One of the most important decisions that an independent Scotland would take, if we voted for independence in September, would be on the currency, so I strongly congratulate my hon. Friend the Member for Edinburgh South (Ian Murray) on his choice of subject for debate, but currency is only one of the many economic issues that will be central to people’s decision making. To be honest, I never believed that I would see a referendum on Scottish independence in my political lifetime. It was not something that many people in Scotland argued for, historically. It is really only as a result of the electoral success of the Scottish National party—we can perhaps discuss the reasons for that on another occasion—that we are in this position. I also honestly do not believe that colleagues from the Scottish National party in this room ever believed that they would have a referendum on independence in their political lifetime.
Many people in Scotland are in the same position: when we go from door to door and speak to people, many genuinely have not finally made their mind up on the issue—particularly, I think, because of the economic turbulence that we have been living through in the past few years. It will not be simply an emotional choice that people make in September. Historically, many people who are sympathetic to independence have made that choice on emotional grounds, and grounds to do with identity and culture, but in the coming months, economic issues will be central to people’s decision-making processes.
I welcome the debate and some of the statements that have come forward in the past few weeks from people at UK level. I am a member of the Select Committee on Business, Innovation and Skills; we had the Secretary of State for Business, Innovation and Skills before us last week, and he gave some of his views on the issue. We still need to get a lot more information to make decisions.
I have always looked at things from an economic point of view, and considered decisions on the basis of how I think we can improve the democratic accountability of our economy. I have always considered how we can take economic decisions that are more central to how we run our economy in the interests of ordinary people, rather than elites. That will be central as we go forward.
It is a pleasure to see you in the Chair in this important debate, Mrs Riordan. It has been lively at times, and there has been more heat than light on occasions, but none the less it is about trying to ensure that we have the opportunity to discuss the important issue of currency.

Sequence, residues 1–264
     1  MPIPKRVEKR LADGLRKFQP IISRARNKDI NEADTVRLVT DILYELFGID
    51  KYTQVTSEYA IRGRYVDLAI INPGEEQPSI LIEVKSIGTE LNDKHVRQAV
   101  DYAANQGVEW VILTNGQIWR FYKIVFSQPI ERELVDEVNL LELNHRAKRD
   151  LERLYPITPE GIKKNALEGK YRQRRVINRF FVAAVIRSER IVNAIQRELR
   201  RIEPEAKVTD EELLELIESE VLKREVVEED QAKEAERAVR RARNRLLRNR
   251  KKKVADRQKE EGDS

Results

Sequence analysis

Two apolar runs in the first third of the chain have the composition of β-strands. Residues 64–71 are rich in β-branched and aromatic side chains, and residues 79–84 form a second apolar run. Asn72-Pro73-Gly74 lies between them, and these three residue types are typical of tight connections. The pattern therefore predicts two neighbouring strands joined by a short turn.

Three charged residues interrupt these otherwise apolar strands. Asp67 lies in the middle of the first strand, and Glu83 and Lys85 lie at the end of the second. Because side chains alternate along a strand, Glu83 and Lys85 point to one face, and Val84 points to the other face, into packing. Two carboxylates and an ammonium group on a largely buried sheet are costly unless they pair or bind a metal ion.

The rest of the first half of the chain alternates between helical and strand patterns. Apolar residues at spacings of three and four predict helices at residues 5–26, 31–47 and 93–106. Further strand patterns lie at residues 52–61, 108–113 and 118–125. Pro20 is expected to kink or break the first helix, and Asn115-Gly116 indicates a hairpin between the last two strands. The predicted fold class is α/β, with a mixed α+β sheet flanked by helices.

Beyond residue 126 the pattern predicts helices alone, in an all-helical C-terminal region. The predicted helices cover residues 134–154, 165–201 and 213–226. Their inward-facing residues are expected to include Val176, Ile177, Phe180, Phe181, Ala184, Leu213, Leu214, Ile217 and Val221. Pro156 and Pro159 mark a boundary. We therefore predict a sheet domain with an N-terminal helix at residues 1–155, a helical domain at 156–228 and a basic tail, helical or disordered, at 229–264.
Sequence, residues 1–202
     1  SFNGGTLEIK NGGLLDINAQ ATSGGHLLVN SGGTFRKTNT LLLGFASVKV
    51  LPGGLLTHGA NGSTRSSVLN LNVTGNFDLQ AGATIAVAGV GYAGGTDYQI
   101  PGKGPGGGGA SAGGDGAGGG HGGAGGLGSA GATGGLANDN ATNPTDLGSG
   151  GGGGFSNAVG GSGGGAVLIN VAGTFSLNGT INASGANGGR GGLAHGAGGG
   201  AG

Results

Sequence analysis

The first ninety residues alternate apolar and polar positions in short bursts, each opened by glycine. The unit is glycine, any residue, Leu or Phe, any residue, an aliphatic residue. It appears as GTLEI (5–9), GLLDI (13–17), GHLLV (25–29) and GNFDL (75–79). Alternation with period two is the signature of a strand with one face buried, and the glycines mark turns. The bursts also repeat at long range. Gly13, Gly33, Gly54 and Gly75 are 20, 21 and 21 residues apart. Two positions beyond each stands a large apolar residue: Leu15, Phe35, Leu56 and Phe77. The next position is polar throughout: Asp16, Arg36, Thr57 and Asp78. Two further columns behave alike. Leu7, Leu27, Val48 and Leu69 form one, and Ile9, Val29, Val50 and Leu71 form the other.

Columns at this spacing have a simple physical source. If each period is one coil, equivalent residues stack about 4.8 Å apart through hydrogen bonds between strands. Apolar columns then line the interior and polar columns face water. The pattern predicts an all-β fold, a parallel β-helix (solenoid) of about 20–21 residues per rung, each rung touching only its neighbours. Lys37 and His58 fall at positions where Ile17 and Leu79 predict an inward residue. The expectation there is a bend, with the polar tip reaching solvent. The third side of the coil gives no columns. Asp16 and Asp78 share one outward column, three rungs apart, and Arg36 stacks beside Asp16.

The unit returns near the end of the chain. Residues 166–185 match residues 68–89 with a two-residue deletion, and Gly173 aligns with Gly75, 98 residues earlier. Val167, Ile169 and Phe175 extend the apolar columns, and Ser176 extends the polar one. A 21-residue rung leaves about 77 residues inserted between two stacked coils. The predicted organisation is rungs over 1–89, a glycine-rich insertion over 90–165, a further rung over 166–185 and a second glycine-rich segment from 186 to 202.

I congratulate my hon. Friend the Member for Edinburgh South (Ian Murray) on his superb opening contribution. He laid out clearly and articulately the issues that we have to discuss. We then heard useful contributions from my hon. Friends the Members for East Kilbride, Strathaven and Lesmahagow (Mr McCann), for Inverclyde (Mr McKenzie), for Glasgow Central (Anas Sarwar), and for North Ayrshire and Arran (Katy Clark).
I want to pick up on a couple of points made by my hon. Friend the Member for North Ayrshire and Arran, because she articulated clearly that although many people in Scotland may have an emotional attachment to the idea of Scotland being an independent country, they none the less recognise the importance of the political, social and economic union that has existed over the years, and what an important decision this is for the people of Scotland to make in September. The Scottish National party would sometimes have us believe that everything will stay the same and nothing will change, but at the same time it tries to advance the notion that everything will change. That is not so. Increasingly, people are beginning to see through that false prospectus. A number of hon. Members spelled that out in some detail.
Increasingly, people are beginning to realise that the currency issue is important. For them, it is not just about the macro-economics, because some will, perhaps, not take an interest in that. However, they will take an interest in the money in their pay packets and in their pockets, in their ability to pay their way in the world, and in the impact on their mortgages, credit arrangements, store cards and car loans.